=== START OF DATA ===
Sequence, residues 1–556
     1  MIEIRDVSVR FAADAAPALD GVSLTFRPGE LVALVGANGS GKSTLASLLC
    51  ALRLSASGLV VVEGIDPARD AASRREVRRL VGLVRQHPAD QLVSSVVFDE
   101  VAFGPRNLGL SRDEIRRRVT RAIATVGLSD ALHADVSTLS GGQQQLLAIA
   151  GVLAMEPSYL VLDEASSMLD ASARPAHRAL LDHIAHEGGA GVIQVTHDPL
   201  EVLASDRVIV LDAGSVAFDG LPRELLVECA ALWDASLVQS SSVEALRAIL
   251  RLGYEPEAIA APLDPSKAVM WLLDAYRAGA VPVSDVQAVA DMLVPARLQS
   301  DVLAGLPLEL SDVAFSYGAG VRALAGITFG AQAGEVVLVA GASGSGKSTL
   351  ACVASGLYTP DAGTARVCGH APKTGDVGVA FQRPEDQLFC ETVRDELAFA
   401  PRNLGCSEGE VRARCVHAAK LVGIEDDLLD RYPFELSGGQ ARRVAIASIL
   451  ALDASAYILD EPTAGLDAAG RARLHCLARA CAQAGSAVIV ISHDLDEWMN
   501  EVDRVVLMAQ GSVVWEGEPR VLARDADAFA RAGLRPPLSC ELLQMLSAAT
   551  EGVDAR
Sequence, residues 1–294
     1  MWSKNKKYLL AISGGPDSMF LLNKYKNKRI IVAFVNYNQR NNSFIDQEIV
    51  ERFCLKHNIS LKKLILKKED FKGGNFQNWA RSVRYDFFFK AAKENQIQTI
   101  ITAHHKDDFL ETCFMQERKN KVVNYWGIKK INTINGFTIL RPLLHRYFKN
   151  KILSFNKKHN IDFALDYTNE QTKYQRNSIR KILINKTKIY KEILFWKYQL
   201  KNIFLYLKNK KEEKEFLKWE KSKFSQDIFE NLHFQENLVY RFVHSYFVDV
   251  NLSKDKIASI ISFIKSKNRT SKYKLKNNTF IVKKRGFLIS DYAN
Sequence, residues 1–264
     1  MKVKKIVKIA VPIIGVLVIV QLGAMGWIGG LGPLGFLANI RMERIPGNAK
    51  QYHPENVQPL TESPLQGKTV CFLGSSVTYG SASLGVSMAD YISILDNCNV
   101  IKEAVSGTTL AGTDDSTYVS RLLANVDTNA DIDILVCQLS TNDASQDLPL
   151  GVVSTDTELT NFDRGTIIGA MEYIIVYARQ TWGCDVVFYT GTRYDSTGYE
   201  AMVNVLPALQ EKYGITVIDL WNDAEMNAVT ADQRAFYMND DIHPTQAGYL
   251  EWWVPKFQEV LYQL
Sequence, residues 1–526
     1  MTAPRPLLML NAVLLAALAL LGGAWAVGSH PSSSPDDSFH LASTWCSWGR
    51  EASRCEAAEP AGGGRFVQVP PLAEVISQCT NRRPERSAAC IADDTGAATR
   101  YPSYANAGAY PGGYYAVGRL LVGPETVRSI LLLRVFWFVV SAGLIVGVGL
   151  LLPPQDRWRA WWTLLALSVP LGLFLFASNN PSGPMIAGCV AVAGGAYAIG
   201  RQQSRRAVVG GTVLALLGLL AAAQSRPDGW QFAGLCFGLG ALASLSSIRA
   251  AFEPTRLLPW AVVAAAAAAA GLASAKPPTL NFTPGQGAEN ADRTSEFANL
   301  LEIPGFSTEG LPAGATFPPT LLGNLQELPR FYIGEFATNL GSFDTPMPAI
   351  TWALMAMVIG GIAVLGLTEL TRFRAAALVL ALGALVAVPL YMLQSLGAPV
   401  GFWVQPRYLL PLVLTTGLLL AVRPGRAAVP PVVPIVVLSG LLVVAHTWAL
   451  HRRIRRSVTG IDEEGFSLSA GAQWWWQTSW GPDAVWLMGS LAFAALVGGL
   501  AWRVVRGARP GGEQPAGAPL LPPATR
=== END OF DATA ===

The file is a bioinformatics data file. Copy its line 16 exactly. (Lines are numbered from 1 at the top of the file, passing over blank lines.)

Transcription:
    51  ERFCLKHNIS LKKLILKKED FKGGNFQNWA RSVRYDFFFK AAKENQIQTI